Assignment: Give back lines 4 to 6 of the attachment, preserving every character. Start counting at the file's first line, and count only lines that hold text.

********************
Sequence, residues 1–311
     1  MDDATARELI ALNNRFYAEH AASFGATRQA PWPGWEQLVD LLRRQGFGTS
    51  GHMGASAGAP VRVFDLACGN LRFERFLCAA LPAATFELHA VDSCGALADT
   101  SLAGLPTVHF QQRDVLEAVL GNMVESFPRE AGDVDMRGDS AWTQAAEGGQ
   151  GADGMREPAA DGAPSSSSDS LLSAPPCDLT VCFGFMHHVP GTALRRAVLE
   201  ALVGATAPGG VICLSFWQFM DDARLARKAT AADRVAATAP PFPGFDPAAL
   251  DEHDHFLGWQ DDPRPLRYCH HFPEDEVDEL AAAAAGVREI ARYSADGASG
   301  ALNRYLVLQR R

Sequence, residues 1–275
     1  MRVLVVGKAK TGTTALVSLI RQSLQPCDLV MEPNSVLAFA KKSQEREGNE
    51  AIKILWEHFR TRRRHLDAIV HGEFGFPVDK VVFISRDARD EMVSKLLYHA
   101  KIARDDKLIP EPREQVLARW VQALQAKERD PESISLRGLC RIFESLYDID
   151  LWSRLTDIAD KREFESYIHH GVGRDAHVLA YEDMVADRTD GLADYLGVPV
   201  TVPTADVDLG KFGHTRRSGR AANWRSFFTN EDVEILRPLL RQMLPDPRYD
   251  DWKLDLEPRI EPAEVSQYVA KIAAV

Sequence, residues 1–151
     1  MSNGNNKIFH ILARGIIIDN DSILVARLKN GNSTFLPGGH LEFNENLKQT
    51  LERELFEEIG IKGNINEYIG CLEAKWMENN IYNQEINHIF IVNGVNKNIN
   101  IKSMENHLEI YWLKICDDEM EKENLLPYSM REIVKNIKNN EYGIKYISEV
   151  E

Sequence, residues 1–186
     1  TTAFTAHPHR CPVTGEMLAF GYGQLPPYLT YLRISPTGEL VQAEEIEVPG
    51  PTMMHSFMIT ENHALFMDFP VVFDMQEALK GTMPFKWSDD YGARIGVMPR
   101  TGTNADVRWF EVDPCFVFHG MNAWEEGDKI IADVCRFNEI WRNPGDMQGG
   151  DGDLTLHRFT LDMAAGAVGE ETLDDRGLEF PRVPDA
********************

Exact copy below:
   101  SLAGLPTVHF QQRDVLEAVL GNMVESFPRE AGDVDMRGDS AWTQAAEGGQ
   151  GADGMREPAA DGAPSSSSDS LLSAPPCDLT VCFGFMHHVP GTALRRAVLE
   201  ALVGATAPGG VICLSFWQFM DDARLARKAT AADRVAATAP PFPGFDPAAL